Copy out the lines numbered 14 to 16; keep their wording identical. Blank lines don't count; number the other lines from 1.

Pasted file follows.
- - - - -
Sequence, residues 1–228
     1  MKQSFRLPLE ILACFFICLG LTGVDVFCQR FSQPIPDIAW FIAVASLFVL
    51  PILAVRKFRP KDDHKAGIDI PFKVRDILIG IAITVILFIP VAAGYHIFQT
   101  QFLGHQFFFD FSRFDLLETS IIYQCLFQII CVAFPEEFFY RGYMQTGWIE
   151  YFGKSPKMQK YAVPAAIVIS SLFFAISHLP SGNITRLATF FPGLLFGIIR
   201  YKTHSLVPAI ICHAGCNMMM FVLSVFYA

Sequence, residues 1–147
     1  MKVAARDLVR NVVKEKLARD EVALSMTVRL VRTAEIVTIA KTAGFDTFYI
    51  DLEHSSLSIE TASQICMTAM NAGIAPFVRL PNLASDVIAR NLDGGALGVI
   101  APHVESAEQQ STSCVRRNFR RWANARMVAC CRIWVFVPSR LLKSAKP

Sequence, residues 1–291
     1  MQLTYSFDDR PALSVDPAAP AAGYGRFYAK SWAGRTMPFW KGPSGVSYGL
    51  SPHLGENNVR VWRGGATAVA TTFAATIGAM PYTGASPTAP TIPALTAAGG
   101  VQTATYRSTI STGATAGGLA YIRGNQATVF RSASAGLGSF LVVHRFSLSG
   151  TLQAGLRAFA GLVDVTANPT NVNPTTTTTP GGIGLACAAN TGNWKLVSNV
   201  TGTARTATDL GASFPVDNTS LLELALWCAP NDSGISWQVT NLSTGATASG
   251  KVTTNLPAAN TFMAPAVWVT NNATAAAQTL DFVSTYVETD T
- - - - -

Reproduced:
   101  VQTATYRSTI STGATAGGLA YIRGNQATVF RSASAGLGSF LVVHRFSLSG
   151  TLQAGLRAFA GLVDVTANPT NVNPTTTTTP GGIGLACAAN TGNWKLVSNV
   201  TGTARTATDL GASFPVDNTS LLELALWCAP NDSGISWQVT NLSTGATASG